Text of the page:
Organizing a Tent Revival

During the 20th century, tent revivals were used to reach multitudes with the gospel. Oral Roberts, Jack Coe, R. W. Schambach, and others preached messages of salvation (with miracles often a by-product). At 16, Billy Graham got saved at a tent meeting conducted by Mordecai Ham. Years later, Billy had a “canvas cathedral” in Los Angeles that attracted approximately 350,000 people over a two month period. He went on to have mass meetings mostly in stadiums.

Tent revivals may seem old fashioned nowadays because of churches with comfortable seating and an increasing number of folks watching services online. Nevertheless, there are ministers still using tents to reach the lost. Mario Murillo is one of them. He stated in his blog, “It is time for the harvesters to leave the safe zones and win a sin-sick and broken-hearted nation to Jesus.” Rodney Howard-Browne trains his associate ministers and bible school students to conduct meetings in neighborhoods throughout the Tampa Bay Area (attendees often sit underneath tents). Fliers and posters promoting giveaways of groceries and other prizes are handed out days before an event.

I’ve participated in tent meetings organized by my friend Mark Robshaw. Mark held a few while pastoring a church in South Hill, Virginia. One year, he insisted on buying me a bus ticket so I could help with their evangelism outreaches. We went out on the streets during the day and had meetings in the evening. His friend Joe Jackson supplied the tent.

A few weeks ago, Mark and I went to a tent meeting in his hometown of Buffalo held by Ted Shuttlesworth. That inspired Mark to have one here. His friend Gary St. Laurent provided a tent we could use. Another evangelist named Kevin Eaton (who ministered two of the nights) helped us with the planning. Once again, I was asked to lead street evangelism outreaches plus receive the offering during the meetings. We eventually obtained permission to use a small field in the southern part of Buffalo.

On Tuesday, August 29th, we spent several hours erecting the tent. A man experienced with that was supposed to meet us on the field but never showed up. So Mark prayed and then directed us to put up three big poles in the middle before doing the ones on the outside. A woman who attended Mark’s church provided refreshments. The next night, a few of us held a prayer meeting under the tent. 

The revival officially began on August 31st and ended on Labor Day. Morning teachings were conducted by various speakers followed by afternoon outreaches led by yours truly (except on Sunday). I taught on soul winning for about a half-hour before we hit the streets. My co-laborers and I saw 45 people pray to give their lives to Jesus. Scott Waterman and his band provided music the first three nights. The worship team from Mark’s church did the last two.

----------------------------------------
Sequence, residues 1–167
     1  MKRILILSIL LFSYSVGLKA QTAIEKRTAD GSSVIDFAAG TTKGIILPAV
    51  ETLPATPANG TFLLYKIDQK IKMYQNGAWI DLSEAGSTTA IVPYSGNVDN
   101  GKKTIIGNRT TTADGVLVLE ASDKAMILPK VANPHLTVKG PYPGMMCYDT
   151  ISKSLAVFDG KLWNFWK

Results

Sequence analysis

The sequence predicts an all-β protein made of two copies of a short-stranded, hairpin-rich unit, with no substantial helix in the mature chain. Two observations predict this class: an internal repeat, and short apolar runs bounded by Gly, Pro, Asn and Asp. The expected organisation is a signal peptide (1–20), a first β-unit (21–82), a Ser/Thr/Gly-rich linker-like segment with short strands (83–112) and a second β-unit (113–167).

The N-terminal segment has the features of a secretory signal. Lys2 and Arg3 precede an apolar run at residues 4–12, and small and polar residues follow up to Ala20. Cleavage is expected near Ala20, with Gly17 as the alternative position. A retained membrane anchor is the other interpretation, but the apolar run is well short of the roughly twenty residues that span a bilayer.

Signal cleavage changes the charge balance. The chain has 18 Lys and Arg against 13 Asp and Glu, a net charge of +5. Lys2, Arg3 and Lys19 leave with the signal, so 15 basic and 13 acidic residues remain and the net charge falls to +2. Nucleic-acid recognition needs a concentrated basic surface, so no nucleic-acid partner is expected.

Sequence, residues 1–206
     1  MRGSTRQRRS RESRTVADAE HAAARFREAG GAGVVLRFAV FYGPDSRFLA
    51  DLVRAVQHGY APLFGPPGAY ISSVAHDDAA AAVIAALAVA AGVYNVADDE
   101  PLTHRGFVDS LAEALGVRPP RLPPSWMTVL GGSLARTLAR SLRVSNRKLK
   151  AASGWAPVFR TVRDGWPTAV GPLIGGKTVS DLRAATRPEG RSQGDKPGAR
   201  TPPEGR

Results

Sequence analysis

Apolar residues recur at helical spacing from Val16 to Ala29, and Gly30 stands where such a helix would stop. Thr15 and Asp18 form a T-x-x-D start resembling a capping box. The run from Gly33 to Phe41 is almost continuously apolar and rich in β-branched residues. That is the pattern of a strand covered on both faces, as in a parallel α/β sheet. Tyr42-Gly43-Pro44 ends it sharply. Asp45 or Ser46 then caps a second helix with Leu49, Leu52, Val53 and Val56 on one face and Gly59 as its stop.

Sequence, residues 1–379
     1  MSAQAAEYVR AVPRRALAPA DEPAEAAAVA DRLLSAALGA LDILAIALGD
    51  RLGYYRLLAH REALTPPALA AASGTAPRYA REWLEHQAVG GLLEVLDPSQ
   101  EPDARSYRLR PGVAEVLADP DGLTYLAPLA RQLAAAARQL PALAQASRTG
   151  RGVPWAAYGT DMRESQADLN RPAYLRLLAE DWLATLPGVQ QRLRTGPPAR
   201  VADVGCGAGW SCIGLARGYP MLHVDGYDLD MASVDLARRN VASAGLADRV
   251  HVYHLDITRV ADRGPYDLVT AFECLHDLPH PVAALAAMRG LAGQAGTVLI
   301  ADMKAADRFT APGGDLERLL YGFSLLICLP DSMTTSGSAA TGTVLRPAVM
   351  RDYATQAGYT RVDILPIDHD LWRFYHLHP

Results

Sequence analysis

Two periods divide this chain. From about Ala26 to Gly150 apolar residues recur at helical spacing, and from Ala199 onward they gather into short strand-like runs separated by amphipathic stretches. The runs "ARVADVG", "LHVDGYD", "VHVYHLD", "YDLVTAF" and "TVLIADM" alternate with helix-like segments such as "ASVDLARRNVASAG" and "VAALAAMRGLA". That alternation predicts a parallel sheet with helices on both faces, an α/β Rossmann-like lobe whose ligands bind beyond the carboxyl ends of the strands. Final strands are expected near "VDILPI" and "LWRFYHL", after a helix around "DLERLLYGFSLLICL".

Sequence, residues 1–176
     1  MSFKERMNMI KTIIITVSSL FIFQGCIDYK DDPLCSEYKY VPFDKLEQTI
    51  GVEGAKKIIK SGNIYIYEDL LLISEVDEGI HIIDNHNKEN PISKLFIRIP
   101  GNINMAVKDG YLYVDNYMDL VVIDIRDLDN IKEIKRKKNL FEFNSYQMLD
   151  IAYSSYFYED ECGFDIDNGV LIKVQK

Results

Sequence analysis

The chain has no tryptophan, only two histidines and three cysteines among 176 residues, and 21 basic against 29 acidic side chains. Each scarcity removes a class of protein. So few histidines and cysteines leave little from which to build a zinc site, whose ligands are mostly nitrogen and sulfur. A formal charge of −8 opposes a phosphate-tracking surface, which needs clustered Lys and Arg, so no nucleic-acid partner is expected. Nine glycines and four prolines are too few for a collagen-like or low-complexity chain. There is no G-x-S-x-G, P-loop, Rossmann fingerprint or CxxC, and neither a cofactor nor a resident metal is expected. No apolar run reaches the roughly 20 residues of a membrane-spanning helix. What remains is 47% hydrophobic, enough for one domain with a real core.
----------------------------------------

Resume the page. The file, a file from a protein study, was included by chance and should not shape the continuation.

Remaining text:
Other challenges came up for this revival. Mark’s power generator stopped working. He had to rent one that cost several hundred dollars. A food truck that was supposed to be there never arrived. A prayer tent behind the main one flipped over due to high winds and got damaged. On the day the tent revival began, Mark’s brother-in-law (who he led to Christ days before) died in the hospital. Nevertheless, Mark’s family encouraged him to go on ministering.

One powerful message I heard was from a Sri Lankan man who testified of being raised from the dead. While descending towards hell, this man called out to a Hindu god and then Allah but didn't get resurrected until he called on the name of Jesus. Although the audience mostly consisted of believers, two people got saved during the final meeting. The Bible says the angels rejoice over one sinner who repents.

There are some things I would like to do differently in future tent revivals:

  • A location by a major highway or intersection would likely draw more people. The fliers handed out for this last one listed the street name but not a specific address. A map could have been added to the flier for people unfamiliar with the neighborhood.
  • All the sound equipment had to be disassembled and locked up every night to avoid theft. I would have preferred to have someone watch the equipment overnight.
  • Everybody likes free stuff. Door prizes would result in more sinners coming to receive the best gift of all: eternal life.

Tent revivals take a lot of work, but it’s a way to reach out to individuals who might not walk into a church. Perhaps we will see more of them before the Lord returns.

“Therefore, my beloved brethren, be steadfast, immovable, always abounding in the work of the Lord, knowing that your labor is not in vain in the Lord.” - 1 Corinthians 15:58


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